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I am using ARC. I have a method that runs at the end of a game I have written which should clear up memory. There are a series of objects in an NSMutableArray, which i remove using removeObject:. I then set these objects to nil. However, using NSLog on these objects shows that they still exist. Why does setting them to nil not remove them from memory?

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reset your device and then check it –  Sudha Jan 7 '13 at 10:09
ARC doesn't promise to release the memory at the very moment. It sends message to the OS "I dont need that memory, if you need, you can take" –  Anoop Vaidya Jan 7 '13 at 10:11
@AnoopVaidya that isn't correct at all. ARC is a compile time memory management system. It re-inserts the calls to release, dealloc etc at compile time so you don't have to write them in yourself. What you are talking about in your comment is Garbage Collection. –  Fogmeister Jan 7 '13 at 10:13

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up vote 1 down vote accepted

In ARC (automatic reference counting), setting a reference to an object to nil means two different things depending on the kind of reference you are nil-ing:

  1. If it is a strong reference, then nil-ing it means decreasing the reference count of the referenced object;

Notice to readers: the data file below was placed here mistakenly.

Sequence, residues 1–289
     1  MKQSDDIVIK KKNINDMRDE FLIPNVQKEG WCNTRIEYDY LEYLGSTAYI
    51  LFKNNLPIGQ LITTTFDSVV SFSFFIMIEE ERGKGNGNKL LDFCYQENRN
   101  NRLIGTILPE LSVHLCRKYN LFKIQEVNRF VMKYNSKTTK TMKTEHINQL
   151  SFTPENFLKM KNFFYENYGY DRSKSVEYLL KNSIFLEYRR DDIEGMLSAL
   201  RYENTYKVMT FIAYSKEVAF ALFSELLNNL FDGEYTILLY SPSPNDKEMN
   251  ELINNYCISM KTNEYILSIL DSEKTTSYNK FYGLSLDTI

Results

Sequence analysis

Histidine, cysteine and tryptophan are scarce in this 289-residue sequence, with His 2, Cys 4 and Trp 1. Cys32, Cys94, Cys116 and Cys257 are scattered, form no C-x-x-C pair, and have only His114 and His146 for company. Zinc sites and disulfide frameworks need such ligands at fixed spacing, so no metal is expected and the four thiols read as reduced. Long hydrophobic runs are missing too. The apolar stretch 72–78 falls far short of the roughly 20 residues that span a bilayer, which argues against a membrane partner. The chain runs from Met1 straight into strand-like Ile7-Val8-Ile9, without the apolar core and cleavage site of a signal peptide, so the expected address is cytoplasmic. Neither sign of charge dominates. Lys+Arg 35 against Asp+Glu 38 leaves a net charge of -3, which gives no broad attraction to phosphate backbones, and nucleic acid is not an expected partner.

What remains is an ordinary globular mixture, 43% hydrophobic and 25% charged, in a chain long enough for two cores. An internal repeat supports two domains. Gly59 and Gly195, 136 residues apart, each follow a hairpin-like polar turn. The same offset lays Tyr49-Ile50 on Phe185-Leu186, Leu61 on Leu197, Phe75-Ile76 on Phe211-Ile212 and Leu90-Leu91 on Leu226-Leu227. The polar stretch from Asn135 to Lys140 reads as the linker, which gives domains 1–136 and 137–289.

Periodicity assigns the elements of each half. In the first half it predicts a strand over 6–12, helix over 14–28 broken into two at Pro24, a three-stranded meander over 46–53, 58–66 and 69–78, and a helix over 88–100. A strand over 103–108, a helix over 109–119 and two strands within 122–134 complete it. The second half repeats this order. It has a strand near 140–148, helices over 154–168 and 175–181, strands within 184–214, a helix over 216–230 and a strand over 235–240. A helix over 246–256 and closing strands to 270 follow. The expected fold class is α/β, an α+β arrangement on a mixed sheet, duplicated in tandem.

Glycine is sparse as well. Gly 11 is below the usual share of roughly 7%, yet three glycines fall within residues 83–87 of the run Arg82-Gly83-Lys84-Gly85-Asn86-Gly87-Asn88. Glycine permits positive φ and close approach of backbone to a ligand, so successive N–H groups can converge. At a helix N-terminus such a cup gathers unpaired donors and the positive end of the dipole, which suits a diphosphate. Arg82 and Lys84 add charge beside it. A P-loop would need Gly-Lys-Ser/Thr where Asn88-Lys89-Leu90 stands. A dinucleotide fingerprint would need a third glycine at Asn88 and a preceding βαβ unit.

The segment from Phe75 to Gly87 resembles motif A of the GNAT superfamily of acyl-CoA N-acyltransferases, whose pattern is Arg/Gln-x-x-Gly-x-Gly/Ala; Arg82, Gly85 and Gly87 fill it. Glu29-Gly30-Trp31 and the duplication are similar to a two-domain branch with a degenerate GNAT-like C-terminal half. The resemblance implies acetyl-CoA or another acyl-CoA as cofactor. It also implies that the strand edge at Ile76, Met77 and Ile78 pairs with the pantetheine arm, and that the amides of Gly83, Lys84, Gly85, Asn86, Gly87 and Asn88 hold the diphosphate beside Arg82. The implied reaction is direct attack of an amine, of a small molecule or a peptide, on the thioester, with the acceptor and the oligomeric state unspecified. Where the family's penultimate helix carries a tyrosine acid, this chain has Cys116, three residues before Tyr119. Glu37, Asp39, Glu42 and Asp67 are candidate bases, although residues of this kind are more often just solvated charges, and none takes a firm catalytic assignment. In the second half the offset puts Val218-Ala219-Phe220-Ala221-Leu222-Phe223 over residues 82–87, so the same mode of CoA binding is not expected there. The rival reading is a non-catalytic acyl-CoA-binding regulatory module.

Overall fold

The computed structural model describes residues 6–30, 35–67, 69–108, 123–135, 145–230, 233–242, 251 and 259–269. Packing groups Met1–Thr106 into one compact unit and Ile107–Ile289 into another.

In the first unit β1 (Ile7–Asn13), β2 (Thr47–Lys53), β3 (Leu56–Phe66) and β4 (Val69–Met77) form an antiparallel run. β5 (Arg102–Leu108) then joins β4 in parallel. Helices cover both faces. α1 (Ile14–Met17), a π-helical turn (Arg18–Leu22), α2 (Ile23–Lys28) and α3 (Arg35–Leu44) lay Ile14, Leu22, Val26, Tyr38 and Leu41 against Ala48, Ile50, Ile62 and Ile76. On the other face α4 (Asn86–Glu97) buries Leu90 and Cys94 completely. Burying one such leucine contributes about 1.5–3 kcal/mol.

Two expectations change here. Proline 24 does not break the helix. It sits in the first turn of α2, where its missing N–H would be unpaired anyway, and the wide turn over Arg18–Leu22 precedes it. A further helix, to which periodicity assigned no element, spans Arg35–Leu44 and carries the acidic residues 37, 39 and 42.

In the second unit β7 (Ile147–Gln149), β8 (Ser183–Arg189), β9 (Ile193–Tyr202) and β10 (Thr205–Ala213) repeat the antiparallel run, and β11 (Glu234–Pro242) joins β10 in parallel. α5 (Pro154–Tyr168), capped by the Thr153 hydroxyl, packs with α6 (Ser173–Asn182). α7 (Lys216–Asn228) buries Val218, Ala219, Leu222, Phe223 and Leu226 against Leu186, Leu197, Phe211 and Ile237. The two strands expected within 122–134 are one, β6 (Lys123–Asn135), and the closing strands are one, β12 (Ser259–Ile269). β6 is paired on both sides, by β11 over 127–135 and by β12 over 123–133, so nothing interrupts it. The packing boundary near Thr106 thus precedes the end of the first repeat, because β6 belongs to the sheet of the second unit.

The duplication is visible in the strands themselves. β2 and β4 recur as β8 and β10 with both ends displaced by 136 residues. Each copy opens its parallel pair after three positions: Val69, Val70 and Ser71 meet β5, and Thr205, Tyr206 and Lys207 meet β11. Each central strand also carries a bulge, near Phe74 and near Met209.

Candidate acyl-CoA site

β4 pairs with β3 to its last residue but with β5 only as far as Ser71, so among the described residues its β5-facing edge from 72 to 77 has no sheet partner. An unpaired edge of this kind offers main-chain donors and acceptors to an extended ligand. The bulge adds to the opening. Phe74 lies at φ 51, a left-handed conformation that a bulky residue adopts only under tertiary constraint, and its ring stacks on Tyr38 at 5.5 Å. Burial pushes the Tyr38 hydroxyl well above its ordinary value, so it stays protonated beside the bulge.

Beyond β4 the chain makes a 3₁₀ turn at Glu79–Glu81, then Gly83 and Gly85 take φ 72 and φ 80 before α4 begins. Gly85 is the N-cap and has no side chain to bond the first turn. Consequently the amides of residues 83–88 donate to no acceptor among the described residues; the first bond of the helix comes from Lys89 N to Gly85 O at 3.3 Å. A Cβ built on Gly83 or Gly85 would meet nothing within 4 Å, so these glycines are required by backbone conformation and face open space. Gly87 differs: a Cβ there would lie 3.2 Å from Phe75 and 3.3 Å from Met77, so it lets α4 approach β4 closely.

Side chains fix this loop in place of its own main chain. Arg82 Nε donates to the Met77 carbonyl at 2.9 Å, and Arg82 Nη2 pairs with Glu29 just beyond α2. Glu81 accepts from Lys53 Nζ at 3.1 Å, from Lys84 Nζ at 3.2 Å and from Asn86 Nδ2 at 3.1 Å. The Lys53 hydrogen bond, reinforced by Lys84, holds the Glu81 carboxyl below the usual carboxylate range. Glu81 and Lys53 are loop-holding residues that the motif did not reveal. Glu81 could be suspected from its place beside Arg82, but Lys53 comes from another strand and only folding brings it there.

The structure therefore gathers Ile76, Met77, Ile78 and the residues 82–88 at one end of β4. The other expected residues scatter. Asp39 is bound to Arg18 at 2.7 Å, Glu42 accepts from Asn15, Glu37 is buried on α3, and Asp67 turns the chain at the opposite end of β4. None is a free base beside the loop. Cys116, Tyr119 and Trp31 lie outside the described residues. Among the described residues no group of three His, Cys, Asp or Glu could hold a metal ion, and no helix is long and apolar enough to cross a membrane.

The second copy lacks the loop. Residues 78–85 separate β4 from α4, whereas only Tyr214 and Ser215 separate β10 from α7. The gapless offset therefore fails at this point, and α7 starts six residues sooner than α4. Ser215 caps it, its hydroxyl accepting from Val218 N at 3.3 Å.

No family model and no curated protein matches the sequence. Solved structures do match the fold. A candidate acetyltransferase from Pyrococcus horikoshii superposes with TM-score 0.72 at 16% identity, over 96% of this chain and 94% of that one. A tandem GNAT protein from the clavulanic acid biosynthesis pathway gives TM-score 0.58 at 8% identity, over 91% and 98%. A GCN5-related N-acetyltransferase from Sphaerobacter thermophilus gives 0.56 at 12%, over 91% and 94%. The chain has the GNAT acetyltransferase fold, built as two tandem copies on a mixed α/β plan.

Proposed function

2. if it is a weak reference, nil-ing it does nothing.

Thus, nil-ing can lead to different outcomes. Specifically, it is only when the reference count goes to zero that the object is deallocated. This would correspond to a case where no other object in the system is owning the first one (which means holding a strong reference to it).

So, in your case there could be either some other objects keeping a strong reference to the objects you try to nil; or, you might be nil-ing a weak reference. If you show some code, it may become clearer.

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This is very helpful, but then how does one go about freeing the memory, if a weak reference does nothing and a strong reference lowers the retain count? –  Fitzy Jan 7 '13 at 11:29
a weak reference does not either increment the retain count, so if you have a local (stack) variable holding a weak reference, it behaves like an autorelease object and it will be deallocated at the next run loop iteration (through the auto release pool mechanism). In your case, you should look for another strong reference pointing to the same object and get rid of that. –  sergio Jan 7 '13 at 11:55
Very helpful, thanks a bunch! –  Fitzy Jan 8 '13 at 1:34

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